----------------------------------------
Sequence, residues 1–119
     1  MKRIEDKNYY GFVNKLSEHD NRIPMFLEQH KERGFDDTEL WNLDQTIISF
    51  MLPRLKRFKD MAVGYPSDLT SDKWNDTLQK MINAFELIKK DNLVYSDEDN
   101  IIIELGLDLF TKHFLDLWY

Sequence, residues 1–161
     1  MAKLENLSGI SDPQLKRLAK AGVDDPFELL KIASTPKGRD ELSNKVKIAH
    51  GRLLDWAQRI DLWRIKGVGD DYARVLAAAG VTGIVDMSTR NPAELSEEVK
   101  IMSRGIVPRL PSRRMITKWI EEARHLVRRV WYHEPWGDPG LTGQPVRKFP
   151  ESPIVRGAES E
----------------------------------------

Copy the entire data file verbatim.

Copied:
Sequence, residues 1–119
     1  MKRIEDKNYY GFVNKLSEHD NRIPMFLEQH KERGFDDTEL WNLDQTIISF
    51  MLPRLKRFKD MAVGYPSDLT SDKWNDTLQK MINAFELIKK DNLVYSDEDN
   101  IIIELGLDLF TKHFLDLWY

Sequence, residues 1–161
     1  MAKLENLSGI SDPQLKRLAK AGVDDPFELL KIASTPKGRD ELSNKVKIAH
    51  GRLLDWAQRI DLWRIKGVGD DYARVLAAAG VTGIVDMSTR NPAELSEEVK
   101  IMSRGIVPRL PSRRMITKWI EEARHLVRRV WYHEPWGDPG LTGQPVRKFP
   151  ESPIVRGAES E